Type of Presentation

Oral

Session Title

Protecting Natural Shoreline Functions with Existing Regulations and New Approaches

Description

In British Columbia, many coastal communities around the Salish Sea are highly vulnerable to sea level rise and increased storm surge as a result of climate change. Coastal ecosystems in those communities are also at risk. To date hard armouring responses have received the most attention as a protective measure for the built environment, but there is growing interest in exploring how natural and restored coastal ecosystems can buffer communities from climate change. However, legal authority over BC’s coasts is fragmented, involving multiple levels of government (local, provincial, First Nations and federal) and government agencies, all with limited or no coordination. An analysis of existing regulatory powers and land use decisionmaking authority through the lens of coastal ecosystem protection concludes that collaboration and coordination are essential to implement approaches that support naturally functioning shorelines. On the ground in BC, the results of a green waterfront design workshop examining options for addressing sea level rise in three neighbourhoods in Greater Vancouver provide further insight into implementation challenges and opportunities for ecosystem-based approaches.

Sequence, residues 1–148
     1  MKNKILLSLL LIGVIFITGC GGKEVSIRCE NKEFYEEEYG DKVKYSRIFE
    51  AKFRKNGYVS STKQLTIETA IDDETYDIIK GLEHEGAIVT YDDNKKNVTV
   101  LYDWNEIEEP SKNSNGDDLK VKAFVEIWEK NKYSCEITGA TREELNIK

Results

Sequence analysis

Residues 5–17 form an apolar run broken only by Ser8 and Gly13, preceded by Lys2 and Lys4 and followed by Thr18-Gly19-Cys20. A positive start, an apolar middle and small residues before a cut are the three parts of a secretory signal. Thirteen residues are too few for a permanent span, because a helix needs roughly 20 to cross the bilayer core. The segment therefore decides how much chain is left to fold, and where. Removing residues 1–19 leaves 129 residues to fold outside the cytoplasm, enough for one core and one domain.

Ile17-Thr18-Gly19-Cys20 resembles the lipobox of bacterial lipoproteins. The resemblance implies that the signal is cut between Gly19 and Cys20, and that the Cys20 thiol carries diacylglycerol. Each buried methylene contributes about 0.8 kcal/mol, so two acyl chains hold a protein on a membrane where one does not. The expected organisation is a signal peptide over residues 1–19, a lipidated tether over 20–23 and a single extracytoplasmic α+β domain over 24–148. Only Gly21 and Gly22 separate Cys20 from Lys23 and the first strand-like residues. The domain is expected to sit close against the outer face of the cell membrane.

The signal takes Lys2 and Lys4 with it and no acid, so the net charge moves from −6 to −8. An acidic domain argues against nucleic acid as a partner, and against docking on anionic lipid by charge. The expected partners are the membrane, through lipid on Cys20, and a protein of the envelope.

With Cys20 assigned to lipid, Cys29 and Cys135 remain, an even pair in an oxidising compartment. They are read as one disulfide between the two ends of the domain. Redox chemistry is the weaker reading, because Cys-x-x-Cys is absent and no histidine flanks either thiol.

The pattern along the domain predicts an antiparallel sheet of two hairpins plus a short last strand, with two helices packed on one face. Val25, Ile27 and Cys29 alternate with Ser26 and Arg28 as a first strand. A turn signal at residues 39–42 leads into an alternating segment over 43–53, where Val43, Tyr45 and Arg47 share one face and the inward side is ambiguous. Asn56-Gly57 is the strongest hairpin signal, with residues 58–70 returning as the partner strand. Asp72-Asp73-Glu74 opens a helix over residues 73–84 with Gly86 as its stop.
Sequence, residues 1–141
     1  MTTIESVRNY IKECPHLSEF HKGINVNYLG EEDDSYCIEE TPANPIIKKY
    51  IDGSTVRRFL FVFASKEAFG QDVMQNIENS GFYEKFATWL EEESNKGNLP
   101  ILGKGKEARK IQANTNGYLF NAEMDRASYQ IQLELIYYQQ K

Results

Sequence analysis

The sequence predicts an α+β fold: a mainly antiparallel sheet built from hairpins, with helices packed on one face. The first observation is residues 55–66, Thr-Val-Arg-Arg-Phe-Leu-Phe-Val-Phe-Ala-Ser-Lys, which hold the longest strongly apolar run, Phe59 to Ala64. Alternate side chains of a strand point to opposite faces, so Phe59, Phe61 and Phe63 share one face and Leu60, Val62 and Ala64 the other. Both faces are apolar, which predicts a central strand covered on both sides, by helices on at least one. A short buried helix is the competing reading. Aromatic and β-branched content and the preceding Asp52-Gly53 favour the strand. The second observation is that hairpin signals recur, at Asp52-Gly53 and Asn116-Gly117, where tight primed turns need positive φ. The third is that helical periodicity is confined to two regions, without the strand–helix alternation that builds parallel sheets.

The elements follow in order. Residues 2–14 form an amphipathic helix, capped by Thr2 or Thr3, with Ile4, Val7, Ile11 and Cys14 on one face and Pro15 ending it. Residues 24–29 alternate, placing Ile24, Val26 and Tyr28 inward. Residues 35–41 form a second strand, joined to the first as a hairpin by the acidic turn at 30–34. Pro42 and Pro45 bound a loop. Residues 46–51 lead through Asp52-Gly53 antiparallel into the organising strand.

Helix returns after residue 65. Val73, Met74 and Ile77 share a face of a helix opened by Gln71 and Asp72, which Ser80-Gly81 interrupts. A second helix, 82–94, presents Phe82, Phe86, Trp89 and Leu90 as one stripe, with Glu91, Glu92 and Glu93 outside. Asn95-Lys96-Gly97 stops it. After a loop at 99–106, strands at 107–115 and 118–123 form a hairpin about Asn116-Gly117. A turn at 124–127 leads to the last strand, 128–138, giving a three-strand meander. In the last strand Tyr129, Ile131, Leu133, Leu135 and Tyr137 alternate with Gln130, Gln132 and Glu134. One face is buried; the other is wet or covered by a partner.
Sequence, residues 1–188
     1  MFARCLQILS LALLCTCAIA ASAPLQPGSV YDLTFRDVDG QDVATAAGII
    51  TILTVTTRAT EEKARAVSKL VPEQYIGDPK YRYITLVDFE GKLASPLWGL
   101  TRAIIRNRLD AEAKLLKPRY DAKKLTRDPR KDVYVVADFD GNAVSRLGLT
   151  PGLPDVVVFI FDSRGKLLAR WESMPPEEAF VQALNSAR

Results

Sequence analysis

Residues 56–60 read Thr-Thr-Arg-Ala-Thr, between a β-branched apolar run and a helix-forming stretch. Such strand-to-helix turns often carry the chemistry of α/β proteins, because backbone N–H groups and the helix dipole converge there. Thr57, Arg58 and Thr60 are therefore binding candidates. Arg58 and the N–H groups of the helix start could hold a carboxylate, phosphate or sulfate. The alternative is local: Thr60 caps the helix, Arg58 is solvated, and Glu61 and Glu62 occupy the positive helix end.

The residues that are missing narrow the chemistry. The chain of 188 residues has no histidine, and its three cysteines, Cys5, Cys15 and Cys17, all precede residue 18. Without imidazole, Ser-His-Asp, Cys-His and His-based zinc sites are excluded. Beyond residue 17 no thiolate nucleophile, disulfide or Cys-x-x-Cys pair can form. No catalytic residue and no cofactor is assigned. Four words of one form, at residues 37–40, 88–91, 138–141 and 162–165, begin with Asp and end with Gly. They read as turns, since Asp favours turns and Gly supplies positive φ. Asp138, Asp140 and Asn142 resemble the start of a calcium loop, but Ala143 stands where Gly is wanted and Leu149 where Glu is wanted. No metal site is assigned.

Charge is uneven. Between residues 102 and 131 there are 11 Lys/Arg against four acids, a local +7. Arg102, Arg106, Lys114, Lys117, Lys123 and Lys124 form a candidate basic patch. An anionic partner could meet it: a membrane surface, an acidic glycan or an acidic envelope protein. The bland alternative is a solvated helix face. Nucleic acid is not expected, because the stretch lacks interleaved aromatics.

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Overcoming jurisdictional fragmentation to support naturally functioning shorelines and climate resilience in coastal BC communities

2016SSEC

In British Columbia, many coastal communities around the Salish Sea are highly vulnerable to sea level rise and increased storm surge as a result of climate change. Coastal ecosystems in those communities are also at risk. To date hard armouring responses have received the most attention as a protective measure for the built environment, but there is growing interest in exploring how natural and restored coastal ecosystems can buffer communities from climate change. However, legal authority over BC’s coasts is fragmented, involving multiple levels of government (local, provincial, First Nations and federal) and government agencies, all with limited or no coordination. An analysis of existing regulatory powers and land use decisionmaking authority through the lens of coastal ecosystem protection concludes that collaboration and coordination are essential to implement approaches that support naturally functioning shorelines. On the ground in BC, the results of a green waterfront design workshop examining options for addressing sea level rise in three neighbourhoods in Greater Vancouver provide further insight into implementation challenges and opportunities for ecosystem-based approaches.